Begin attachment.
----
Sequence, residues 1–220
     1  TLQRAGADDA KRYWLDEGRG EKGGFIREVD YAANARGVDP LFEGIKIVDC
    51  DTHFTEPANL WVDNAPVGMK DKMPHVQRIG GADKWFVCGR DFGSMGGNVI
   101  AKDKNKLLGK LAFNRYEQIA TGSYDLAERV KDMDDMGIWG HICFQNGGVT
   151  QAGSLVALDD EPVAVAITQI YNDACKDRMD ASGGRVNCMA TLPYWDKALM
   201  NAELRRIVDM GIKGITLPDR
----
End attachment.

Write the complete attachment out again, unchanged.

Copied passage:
Sequence, residues 1–220
     1  TLQRAGADDA KRYWLDEGRG EKGGFIREVD YAANARGVDP LFEGIKIVDC
    51  DTHFTEPANL WVDNAPVGMK DKMPHVQRIG GADKWFVCGR DFGSMGGNVI
   101  AKDKNKLLGK LAFNRYEQIA TGSYDLAERV KDMDDMGIWG HICFQNGGVT
   151  QAGSLVALDD EPVAVAITQI YNDACKDRMD ASGGRVNCMA TLPYWDKALM
   201  NAELRRIVDM GIKGITLPDR